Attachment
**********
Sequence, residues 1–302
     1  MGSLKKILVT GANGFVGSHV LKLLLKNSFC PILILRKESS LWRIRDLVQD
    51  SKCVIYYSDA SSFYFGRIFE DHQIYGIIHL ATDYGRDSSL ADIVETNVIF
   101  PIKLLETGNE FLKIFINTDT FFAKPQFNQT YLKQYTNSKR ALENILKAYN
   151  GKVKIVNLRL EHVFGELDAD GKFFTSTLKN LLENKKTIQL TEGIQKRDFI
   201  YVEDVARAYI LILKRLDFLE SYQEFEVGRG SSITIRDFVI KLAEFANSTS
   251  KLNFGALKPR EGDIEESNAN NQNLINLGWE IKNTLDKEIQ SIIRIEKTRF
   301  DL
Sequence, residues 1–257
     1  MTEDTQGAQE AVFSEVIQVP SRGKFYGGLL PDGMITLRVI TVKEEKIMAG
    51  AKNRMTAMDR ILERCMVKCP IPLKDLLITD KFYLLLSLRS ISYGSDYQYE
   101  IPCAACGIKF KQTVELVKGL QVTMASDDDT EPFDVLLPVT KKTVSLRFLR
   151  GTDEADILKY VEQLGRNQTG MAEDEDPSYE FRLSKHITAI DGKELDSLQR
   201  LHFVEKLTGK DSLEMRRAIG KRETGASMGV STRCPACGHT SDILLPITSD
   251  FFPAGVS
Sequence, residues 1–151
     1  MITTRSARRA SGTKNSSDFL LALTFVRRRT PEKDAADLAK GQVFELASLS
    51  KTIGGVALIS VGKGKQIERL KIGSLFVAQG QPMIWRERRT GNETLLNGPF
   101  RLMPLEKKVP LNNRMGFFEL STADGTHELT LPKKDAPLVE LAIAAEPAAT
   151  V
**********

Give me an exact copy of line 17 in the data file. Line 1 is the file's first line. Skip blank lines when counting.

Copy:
     1  MITTRSARRA SGTKNSSDFL LALTFVRRRT PEKDAADLAK GQVFELASLS